Gordon Campbell | Parliament TV | Parliament Today | News Video | Crime | Employers | Housing | Immigration | Legal | Local Govt. | Maori | Welfare | Unions | Youth | Search


Planning for a better future

Planning for a better future

A desire to make a difference to New Zealanders' built environment was the drive behind the long hours of study Lee Beattie put in to his PhD.
Lee, who teaches at the School of Architecture and Planning at the University of Auckland, will graduate this week alongside many of his students, with a Doctorate in Urban Planning.

Born in Auckland, the Grey Lynn-based resident grew up in Sydney before returning home with his family and completing secondary school in South Auckland at Papatoetoe High. He then went on to complete a Town Planning degree at the University of Auckland, followed by a Masters degree in Environmental Science at Birkbeck College, University of London.

An urban planner for twenty one years, Lee has worked in both private practice and local government, and it was while working as an appeals manager for the former North Shore City Council, that his PhD research project was formed.

“I was really concerned about the state of urban planning practice, especially the quality of our District Plans, which set out the future direction of our cities and towns and property rights. I was losing appeals (from council decisions) in the Environment Court primarily because of weaknesses in our District Plans, which was a difficult and testing experience,” he says.

As a result he started analysing District Plans in Auckland to see if they were delivering their intended outcomes and whether these outcomes were even achievable. His extensive doctoral thesis won the Wallace Ross Graduate Research Award from the New Zealand Planning Institute in recognition of excellence in research. Lee hopes the results of his study will start to impact on urban planning practice.

“Urban planners need to have a good understanding of design and land use economics, and this has now been incorporated into new degrees I have helped establish at the University of Auckland, like the Bachelor of Urban Planning (Honours) and the Master of Urban Planning degrees. Good urban planning is essential. The designs for our cities have a huge impact on people’s lives, so we must be planning for a better, more sustainable future” he says.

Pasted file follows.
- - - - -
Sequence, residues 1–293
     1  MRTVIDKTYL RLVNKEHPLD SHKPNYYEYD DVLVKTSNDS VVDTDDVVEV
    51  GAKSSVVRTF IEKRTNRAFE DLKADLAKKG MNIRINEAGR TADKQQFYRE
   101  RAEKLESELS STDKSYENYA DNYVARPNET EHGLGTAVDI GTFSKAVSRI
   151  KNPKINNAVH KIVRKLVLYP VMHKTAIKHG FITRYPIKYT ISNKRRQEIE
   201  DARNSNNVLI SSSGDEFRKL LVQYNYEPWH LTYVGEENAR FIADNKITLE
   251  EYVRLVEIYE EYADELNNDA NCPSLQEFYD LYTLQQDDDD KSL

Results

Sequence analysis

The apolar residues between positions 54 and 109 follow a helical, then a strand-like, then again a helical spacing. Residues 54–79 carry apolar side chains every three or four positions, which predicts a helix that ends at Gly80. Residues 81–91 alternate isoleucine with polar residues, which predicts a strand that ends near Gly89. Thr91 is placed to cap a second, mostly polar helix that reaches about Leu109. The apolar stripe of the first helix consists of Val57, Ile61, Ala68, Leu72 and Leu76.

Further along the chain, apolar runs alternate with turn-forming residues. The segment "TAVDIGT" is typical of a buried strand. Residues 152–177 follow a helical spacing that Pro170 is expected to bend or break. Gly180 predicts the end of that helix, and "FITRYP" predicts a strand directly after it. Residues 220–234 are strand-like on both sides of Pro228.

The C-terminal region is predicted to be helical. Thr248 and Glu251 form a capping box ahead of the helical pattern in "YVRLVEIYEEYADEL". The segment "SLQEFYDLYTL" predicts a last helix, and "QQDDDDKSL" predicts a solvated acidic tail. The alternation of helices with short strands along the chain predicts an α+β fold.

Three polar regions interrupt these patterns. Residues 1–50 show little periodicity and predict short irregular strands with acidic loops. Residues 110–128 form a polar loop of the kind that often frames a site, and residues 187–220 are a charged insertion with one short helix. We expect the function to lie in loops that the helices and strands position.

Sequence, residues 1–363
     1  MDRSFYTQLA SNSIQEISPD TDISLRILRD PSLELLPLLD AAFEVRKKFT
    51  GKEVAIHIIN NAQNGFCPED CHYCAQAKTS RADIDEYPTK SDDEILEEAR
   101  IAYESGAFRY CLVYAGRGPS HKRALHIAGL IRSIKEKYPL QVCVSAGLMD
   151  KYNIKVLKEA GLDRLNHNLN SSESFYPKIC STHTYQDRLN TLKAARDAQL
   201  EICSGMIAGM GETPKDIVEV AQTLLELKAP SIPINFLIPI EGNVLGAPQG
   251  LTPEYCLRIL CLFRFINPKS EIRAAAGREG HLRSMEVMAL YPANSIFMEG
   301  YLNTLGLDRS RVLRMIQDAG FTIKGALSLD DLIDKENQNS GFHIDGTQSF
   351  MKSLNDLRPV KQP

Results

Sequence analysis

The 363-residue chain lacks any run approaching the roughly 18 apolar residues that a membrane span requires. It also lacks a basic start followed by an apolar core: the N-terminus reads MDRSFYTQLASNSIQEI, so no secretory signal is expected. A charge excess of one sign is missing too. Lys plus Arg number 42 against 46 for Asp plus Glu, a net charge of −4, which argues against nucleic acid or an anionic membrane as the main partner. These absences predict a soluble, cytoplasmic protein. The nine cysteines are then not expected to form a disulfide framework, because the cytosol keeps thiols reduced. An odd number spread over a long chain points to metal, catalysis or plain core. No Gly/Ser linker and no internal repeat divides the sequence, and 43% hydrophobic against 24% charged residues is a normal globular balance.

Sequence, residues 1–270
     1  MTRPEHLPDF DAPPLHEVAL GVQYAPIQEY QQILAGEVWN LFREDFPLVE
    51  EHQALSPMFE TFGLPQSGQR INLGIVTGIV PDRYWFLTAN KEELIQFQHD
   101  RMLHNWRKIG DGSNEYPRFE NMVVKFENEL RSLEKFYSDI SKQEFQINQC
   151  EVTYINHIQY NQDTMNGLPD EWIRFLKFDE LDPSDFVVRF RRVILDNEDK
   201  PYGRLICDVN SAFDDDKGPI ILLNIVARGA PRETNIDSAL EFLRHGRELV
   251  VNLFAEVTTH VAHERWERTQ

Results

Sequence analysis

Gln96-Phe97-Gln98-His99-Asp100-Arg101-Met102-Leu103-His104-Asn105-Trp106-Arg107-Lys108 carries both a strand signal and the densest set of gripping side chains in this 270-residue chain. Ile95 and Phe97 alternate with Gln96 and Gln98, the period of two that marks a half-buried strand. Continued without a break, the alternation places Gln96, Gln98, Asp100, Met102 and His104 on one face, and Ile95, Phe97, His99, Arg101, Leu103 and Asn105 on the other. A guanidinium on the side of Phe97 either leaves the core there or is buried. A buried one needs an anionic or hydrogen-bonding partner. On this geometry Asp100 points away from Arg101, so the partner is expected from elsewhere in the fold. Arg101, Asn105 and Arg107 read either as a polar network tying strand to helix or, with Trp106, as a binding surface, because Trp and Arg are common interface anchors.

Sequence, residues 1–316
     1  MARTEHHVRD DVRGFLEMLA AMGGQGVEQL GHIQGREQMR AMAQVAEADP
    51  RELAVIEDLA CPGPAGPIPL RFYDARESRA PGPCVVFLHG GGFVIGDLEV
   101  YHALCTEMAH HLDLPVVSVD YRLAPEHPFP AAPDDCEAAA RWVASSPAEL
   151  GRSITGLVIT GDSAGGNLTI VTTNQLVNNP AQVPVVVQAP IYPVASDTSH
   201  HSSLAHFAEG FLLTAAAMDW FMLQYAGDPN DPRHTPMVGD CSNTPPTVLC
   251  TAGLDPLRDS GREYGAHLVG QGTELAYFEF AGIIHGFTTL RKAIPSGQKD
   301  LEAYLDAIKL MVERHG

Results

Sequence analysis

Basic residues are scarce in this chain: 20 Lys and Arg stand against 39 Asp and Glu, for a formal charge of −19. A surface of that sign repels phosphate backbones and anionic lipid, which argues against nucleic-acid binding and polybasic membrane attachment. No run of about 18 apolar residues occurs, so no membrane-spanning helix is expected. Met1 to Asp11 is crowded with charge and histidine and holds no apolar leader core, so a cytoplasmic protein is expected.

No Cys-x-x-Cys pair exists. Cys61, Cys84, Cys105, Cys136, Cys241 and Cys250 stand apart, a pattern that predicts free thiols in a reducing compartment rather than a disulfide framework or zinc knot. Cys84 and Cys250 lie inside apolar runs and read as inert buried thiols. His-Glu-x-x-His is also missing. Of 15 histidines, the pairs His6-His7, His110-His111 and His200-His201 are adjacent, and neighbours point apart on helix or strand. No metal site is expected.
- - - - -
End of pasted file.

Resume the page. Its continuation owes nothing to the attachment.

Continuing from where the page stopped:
The University of Auckland’s National Institute of Creative Arts and Industries comprises the Elam School of Fine Arts, School of Architecture and Planning, the Centre for Art Studies, the School of Music and the Dance Studies Programme.


© Scoop Media

Parliament Headlines | Politics Headlines | Regional Headlines



Relevant Consents Gained: Government Unveils RMA Reform Package

The government has formally hauled down the flag on its attempts to alter the balance of environmental and economic priorities in the Resource Management Act, unveiling a 180-page Resource Legislation Amendment Bill containing reforms that have been largely endorsed by most political parties. More>>


Closing Schools And Such: Interim Redcliffs Decision Announced

“While the school’s board has argued that circumstances that could give rise to potential disruption are extremely unlikely, advice from technical experts has shown these concerns cannot be ruled out." More>>


Jane Kelsey: High Court Can’t Make Groser Provide TPPA Information Faster

‘This week we went back to court to challenge Trade Minister Groser’s stalling tactics over the release of information on the Trans-Pacific Partnership Agreement negotiations, following a High Court order that he reconsider the Official Information Act request I made last January’, said University of Auckland law professor Jane Kelsey, first applicant in the case. More>>

Werewolf 58: No Climate For Change

The last time the global community tried to take collective action on climate change the world’s leaders finally came to agree that every not-too-onerous effort should be made to hold global warming to 2°C above the pre-industrial average. At Paris, all 150 participant countries nations will have put forward their pledges... On the information available, New Zealand's is the second weakest contribution of any nation in the developed world. More>>


Lambton Quay Shutdown: Object Was Made To Look Like Bomb

Police cordoned off part of Lambton Quay Wednesday afternoon, saying that a suspicious package had been found. Buildings were evacuated and buses were detoured. The army’s explosive ordnance disposal unit was brought to the Quay. More>>


Public Sector Still Shrinking: Record Low Number Of 'Backroom Bureaucrats'

Ongoing restraint in the public sector and a focus on better frontline services has seen a further reduction in the number of core Government employees, State Services Minister Paula Bennett says. More>>


Disobeying The Law: Police Censorship Of Crime Research “An Outrage”

The Green Party is calling on Police Minister Michael Woodhouse to ensure Police scrap controversial contracts that place onerous restrictions on academic researchers’ access to Police data, the Green Party says. More>>


Get More From Scoop



Search Scoop  
Powered by Vodafone
NZ independent news